Introduction and aims: In recent decades, studies have been made of the possible benefits of treatments using heroin, although qualitative methodologies have not usually been employed. In 2004, in Granada (Spain), a clinical experiment was launched: the Experimental Narcotics Prescription Programme in Andalusia (PEPSA). This project attempted to evaluate the effectiveness of intravenous heroin and orally-administered methadone prescription for long-term socially-excluded opiate addicts for whom other treatments have failed. The research described herein is qualitative and has been carried out within the framework of the aforementioned experiment. The objective was to discover the attitudes, opinions and experiences of patients (and relatives) once they had been included in the program and are receiving heroin in a therapeutic environment.
Design and methods: Focused ethnographic procedures were used to establish the study population. During the field work, we carried out in-depth interviews and observations using 21 patients and relatives. Analysis was carried out by a team according to grounded theory.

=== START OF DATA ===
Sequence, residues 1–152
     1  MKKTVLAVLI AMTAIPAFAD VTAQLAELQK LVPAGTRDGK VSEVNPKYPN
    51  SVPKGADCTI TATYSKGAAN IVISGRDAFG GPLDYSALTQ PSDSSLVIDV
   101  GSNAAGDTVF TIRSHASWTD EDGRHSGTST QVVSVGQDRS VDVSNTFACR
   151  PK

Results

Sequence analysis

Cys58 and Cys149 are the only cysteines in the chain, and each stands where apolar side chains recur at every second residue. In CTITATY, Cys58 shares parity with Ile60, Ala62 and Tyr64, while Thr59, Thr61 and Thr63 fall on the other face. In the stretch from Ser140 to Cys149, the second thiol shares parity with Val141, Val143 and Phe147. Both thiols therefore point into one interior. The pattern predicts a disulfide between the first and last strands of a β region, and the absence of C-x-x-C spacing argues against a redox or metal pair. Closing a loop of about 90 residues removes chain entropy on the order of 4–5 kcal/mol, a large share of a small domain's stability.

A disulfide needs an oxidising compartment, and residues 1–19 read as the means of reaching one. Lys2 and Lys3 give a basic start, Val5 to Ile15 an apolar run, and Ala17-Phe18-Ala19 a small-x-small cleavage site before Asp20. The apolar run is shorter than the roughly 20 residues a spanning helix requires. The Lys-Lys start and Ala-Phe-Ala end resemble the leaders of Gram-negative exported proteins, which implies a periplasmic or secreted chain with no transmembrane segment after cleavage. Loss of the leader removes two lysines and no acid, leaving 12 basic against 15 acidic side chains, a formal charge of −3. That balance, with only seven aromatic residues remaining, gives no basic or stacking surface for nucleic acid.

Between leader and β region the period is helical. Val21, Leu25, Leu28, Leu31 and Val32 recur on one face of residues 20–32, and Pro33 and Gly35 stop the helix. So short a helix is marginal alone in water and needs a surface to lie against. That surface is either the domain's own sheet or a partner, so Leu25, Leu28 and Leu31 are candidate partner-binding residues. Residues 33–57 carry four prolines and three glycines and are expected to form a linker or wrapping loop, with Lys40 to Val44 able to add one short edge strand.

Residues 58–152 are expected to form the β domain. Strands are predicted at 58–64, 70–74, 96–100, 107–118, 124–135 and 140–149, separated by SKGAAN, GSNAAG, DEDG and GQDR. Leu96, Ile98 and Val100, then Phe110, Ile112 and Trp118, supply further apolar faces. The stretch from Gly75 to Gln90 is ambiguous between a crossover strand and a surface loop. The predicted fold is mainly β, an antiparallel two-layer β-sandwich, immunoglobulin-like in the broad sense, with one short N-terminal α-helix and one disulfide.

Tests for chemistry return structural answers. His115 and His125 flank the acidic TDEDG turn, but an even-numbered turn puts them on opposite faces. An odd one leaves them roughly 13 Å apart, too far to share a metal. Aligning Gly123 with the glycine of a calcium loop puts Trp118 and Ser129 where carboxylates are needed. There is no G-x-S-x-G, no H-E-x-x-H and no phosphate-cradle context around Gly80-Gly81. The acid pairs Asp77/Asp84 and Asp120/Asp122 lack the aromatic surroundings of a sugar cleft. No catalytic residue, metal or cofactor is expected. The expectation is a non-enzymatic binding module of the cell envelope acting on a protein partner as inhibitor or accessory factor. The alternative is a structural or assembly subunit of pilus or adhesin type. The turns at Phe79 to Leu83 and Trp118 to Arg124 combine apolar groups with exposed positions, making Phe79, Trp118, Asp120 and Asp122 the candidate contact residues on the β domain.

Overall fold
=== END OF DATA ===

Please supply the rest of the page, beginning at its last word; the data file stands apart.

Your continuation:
Results: Our results show how the treatment process and the administering of heroin in a therapeutic context manages to break the habit of consuming heroin obtained illegally, thus changing the significance given to the substance and bringing about improvements in aspects such as the workplace, family relations and physical and mental health.
Discussion and conclusions: The move from 'substance addiction' to chronic 'illness' upon beginning the treatment provides a chance for a population with a long history of rejection and exclusion to become part of society once again.